Rising Gas Prices Curb Consumer Spending

Press enter to search
Close search
Open Menu

Rising Gas Prices Curb Consumer Spending

SCHAUMBURG, Ill. -- Increases at the gas pump are decreasing overall consumer spending specifically retail, entertainment and dining out, according to a report released by The Nielsen Co., parent of Convenience Store News.

"With gas prices expected to hit $4 per gallon this year, consumers will be spending nearly a fifth of their household budget on gas," Todd Hale, senior vice president, Consumer & Shopper Insights for Nielsen Consumer Panel Services, said in a statement. "That kind of increase has a direct impact on what they can afford to spend and is something retailers will need to address."

In 2007, for example, the gas portion of consumers' weekly spending ranged from 12 to 16 percent, the report found. As gas prices continue to increase, Nielsen expects this number to rise to 19 percent.

With more than 146,000 U.S. locations, convenience stores are the preferred stop for consumers, attracting nine times more gas buyers than warehouse clubs or grocery stores, according to Nielsen research.

According to the study, the amount of money consumers spent on gas each week increased significantly along with rising gas prices. Per trip spending, for example, rose to 40 percent -- from $24.42 per trip when gas was at its lowest price to $34.11 when gas prices peaked. A 46 percent increase was also realized in weekly per household gas spending from $32.02 to $46.72.

To attract consumers who are looking to limit their drive time, some convenience stores are placing a stronger focus on their foodservice operation in hopes of taking business from competing fast food establishments and restaurants.

"Consumers tell us they are combining errands and trips, eating out less and doing more things at home to counterbalance rising gas prices," Hale said in a released report. "Nevertheless, the amount of money spent on gas each week is still taking a huge bite out of consumers' budgets."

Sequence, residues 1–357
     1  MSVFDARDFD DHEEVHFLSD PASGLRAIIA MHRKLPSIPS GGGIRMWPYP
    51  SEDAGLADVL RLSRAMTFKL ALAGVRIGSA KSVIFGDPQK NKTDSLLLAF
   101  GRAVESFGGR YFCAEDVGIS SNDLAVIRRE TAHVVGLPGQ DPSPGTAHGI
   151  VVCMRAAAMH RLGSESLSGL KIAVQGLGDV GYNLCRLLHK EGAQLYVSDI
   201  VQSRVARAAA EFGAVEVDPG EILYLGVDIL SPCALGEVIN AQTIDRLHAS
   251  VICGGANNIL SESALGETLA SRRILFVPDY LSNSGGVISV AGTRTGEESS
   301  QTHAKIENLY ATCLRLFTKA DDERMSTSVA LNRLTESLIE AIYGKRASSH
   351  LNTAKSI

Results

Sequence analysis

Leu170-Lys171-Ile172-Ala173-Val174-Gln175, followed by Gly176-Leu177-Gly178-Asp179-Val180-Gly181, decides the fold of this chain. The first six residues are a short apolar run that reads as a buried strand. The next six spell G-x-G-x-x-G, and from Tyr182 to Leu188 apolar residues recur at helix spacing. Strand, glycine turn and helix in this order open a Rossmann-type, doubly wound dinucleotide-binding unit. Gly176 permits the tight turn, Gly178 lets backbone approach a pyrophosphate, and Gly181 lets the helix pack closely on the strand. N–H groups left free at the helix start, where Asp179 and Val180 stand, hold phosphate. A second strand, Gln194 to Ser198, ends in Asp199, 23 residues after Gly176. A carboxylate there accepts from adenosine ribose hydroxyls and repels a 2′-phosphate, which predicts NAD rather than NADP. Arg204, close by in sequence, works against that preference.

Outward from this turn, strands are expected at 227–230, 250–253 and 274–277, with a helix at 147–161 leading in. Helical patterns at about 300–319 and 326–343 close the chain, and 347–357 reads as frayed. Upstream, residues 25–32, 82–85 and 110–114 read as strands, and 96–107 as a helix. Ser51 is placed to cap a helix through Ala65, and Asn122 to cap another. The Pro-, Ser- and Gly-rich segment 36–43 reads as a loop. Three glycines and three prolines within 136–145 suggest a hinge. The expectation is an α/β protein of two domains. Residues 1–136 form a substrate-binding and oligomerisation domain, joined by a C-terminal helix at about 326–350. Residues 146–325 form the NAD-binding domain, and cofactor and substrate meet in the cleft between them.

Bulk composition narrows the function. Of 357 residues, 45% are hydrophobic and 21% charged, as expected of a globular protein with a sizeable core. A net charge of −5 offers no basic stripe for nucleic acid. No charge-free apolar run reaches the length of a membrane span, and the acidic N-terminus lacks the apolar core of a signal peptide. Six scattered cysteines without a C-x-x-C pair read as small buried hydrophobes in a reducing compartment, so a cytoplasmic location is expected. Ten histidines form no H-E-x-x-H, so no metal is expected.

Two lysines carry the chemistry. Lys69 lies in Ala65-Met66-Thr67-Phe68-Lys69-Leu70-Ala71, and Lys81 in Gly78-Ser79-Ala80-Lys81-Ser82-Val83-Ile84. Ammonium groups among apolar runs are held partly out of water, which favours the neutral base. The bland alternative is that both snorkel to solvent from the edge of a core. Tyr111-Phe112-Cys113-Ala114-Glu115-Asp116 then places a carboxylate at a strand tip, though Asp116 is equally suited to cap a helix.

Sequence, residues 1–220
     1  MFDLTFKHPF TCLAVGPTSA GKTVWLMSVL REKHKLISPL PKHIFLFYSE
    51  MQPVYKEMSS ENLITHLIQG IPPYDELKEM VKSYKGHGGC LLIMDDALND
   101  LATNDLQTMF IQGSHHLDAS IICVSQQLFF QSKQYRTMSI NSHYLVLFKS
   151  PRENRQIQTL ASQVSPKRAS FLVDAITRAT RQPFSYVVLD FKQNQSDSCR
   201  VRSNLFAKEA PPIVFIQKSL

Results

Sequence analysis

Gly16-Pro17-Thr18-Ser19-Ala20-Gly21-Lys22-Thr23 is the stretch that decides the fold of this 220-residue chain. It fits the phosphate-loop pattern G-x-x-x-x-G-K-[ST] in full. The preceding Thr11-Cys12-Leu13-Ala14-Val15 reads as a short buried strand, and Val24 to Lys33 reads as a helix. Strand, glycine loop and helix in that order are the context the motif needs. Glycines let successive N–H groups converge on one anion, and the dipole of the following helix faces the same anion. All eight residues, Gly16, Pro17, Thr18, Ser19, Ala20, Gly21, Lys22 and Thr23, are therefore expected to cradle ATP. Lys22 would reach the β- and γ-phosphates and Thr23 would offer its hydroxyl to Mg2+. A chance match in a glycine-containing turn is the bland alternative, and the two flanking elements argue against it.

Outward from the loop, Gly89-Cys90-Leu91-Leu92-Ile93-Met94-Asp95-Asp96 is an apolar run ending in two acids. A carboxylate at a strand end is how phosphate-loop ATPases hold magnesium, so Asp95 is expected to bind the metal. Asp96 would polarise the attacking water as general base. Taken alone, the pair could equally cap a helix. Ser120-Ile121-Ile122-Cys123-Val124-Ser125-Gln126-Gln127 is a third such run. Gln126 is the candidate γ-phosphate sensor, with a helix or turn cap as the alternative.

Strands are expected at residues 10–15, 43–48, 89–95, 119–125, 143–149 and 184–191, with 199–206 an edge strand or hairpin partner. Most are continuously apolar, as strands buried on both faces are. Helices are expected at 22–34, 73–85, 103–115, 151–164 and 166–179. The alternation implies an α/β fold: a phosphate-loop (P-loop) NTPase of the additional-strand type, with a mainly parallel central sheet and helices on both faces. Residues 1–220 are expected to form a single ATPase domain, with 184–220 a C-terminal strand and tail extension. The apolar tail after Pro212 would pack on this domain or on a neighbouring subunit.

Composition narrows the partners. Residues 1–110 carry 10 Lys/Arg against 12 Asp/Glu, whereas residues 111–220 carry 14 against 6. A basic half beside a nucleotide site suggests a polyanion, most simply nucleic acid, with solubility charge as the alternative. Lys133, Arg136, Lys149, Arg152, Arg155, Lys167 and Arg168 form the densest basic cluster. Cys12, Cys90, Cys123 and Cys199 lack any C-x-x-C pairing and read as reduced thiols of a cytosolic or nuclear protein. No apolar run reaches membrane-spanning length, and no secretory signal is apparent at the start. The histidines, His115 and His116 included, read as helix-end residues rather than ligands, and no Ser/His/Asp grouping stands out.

Not all analysis is dire, however. According to Ben Brockwell, director of the Oil Price Information Service in Wall, N.J., consumers will get relief at the pump sooner than later. "I believe this is a market in transition," Brockwell told the Wisconsin State Journal. "I believe it is a market that will be lower in price."

During a recent meeting with members of the Wisconsin Petroleum Marketers and Convenience Store Association, Brockwell told concerned members that oil prices now are propped up by commodity traders and the weak U.S. dollar, and eventually oil will fall, which also will bring down pump prices, reported the Wisconsin State Journal. He estimates oil will trade at $80 per barrel before year-end.

Despite optimistic predictions, Dan Gilligan, president of the Petroleum Marketers Association of America, told the newspaper that prices nationwide are alarming. "Independent petroleum marketers across the country are in uncharted water," he said. "Never before in history have petroleum marketers had to live with the high prices we have over an extended period and there's no end in sight."